Good one-on-one meetings are about dialogue—a privileged moment between two individuals who are probably doing their best. Those regular follow-up meetings are a great way to foster both the employee’s professional development, and the manager’s development as a coach. By framing them as “belonging” to the employee, rather than the manager, you’ll be able to get the most out of these meetings, and make them meaningful for both parties involved. Pay attention to the quality of the conversation: studies show that it’s one of the most influential factors when it comes to individual performance.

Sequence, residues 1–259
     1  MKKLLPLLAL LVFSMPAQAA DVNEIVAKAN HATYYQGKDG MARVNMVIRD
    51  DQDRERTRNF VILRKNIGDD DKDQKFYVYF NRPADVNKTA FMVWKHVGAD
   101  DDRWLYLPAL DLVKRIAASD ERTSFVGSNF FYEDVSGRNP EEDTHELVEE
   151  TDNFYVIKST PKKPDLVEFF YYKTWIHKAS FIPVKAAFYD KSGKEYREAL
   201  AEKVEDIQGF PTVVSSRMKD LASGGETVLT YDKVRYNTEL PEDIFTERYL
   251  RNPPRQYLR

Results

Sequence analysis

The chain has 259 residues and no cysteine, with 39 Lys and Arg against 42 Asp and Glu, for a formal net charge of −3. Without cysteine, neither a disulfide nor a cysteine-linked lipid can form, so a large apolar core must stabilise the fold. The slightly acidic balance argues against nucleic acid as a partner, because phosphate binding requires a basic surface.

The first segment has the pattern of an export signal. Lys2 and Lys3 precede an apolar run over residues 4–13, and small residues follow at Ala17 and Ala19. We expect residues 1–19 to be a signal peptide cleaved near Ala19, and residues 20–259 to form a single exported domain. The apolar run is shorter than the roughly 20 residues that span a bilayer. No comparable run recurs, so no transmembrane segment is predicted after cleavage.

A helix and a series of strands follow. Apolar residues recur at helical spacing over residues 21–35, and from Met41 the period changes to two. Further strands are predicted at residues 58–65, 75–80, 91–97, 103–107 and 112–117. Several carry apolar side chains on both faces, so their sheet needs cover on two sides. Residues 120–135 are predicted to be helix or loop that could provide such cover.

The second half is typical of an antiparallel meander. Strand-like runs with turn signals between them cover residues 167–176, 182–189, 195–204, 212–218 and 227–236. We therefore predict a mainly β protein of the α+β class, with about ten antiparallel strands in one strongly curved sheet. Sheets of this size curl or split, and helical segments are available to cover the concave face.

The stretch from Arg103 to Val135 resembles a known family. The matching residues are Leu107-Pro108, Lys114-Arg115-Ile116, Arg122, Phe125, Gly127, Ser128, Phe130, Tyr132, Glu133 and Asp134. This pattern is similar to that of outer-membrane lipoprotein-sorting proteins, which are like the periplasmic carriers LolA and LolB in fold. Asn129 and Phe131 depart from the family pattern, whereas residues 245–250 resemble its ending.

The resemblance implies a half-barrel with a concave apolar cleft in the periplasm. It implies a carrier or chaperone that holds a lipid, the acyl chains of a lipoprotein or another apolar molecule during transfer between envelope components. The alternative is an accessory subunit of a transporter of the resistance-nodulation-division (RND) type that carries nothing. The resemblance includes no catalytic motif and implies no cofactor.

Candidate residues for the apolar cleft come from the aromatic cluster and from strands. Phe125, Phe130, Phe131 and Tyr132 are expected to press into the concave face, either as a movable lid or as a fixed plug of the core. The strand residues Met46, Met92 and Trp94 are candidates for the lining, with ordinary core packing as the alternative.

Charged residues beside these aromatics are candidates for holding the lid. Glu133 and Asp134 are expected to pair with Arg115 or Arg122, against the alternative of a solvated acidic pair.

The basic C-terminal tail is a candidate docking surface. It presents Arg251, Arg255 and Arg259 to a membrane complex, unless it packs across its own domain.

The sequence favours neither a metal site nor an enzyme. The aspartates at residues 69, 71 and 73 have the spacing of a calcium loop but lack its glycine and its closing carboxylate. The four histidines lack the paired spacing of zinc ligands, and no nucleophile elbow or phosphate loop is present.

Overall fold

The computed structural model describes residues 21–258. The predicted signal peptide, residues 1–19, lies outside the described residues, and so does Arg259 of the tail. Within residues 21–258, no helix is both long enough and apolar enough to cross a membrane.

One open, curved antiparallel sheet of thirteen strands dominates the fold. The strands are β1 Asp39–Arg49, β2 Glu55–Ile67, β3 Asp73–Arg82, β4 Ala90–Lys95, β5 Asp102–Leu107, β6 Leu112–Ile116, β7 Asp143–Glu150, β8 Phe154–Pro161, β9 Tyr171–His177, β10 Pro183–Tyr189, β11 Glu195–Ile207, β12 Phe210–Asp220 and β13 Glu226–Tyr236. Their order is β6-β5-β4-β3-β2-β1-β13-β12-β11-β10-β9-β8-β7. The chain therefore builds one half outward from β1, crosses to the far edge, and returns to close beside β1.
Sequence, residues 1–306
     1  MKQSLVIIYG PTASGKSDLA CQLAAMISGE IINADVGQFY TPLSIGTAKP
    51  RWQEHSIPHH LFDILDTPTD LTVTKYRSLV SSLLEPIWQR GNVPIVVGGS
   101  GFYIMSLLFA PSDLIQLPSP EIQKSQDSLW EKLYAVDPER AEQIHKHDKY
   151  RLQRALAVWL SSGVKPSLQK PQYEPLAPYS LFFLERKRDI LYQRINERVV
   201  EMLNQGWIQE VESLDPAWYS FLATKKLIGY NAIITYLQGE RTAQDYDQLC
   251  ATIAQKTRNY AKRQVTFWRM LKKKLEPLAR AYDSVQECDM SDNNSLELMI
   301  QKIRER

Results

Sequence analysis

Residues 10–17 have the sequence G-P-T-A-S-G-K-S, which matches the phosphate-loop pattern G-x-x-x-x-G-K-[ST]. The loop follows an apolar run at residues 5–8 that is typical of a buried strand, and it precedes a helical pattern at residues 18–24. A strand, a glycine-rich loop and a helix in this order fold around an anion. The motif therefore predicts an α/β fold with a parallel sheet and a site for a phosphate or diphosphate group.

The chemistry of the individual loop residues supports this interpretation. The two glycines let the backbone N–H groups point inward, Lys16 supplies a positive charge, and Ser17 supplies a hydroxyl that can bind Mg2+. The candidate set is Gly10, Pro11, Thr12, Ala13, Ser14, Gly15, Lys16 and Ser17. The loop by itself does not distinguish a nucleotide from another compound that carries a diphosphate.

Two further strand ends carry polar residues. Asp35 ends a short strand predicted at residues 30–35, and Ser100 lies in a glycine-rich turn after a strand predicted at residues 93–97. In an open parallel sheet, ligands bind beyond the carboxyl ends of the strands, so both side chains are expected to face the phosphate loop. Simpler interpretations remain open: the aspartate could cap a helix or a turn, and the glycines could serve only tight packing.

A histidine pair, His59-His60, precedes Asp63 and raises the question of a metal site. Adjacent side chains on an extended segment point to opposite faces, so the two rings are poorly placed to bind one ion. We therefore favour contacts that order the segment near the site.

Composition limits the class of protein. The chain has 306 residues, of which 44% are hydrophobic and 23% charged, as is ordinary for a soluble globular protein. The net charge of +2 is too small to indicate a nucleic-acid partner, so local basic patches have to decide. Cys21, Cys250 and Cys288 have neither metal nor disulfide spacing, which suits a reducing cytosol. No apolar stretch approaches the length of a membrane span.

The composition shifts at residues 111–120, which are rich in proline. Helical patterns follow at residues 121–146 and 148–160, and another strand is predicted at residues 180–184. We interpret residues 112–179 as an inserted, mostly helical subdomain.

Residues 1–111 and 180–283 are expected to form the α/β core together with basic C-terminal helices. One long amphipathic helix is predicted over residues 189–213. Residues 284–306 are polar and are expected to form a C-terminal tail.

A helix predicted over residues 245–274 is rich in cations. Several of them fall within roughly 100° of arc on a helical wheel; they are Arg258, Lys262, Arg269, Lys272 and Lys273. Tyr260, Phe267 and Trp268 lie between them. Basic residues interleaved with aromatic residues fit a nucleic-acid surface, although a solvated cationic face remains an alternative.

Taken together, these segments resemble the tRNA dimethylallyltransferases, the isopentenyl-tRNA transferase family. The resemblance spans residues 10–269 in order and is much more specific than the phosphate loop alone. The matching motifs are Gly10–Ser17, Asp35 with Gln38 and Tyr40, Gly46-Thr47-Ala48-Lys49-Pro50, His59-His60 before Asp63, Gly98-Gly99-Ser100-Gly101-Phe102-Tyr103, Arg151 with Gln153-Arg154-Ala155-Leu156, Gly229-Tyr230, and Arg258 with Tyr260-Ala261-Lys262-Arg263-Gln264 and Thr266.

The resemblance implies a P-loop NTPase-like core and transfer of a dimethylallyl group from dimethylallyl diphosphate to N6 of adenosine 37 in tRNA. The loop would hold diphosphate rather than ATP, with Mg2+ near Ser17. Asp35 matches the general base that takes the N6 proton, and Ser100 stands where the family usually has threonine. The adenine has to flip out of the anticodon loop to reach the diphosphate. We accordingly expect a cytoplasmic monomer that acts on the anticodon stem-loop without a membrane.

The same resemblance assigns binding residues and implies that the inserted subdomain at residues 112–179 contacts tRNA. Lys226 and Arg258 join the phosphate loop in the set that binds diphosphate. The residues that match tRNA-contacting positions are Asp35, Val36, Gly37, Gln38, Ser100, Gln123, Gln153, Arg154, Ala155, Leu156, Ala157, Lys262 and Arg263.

- Monthly, at the very least! Some prefer to meet on a weekly basis, others biweekly. Find a frequency that suits both parties and don’t forget to book those meeting times in your schedule.
- Get in the right mindset.
- Take the time to check in.
- Start by discussing the employee’s points.
- Follow up with the manager’s points.
- End with a short action plan.
- Neither of you has had the time to prepare for the meeting? Take the first minutes of the check-in period to note the topics you want to address.
- Ask the employee to send you an email summarizing the action plan.
- Use the same steps for project status meetings, or mid-year reviews.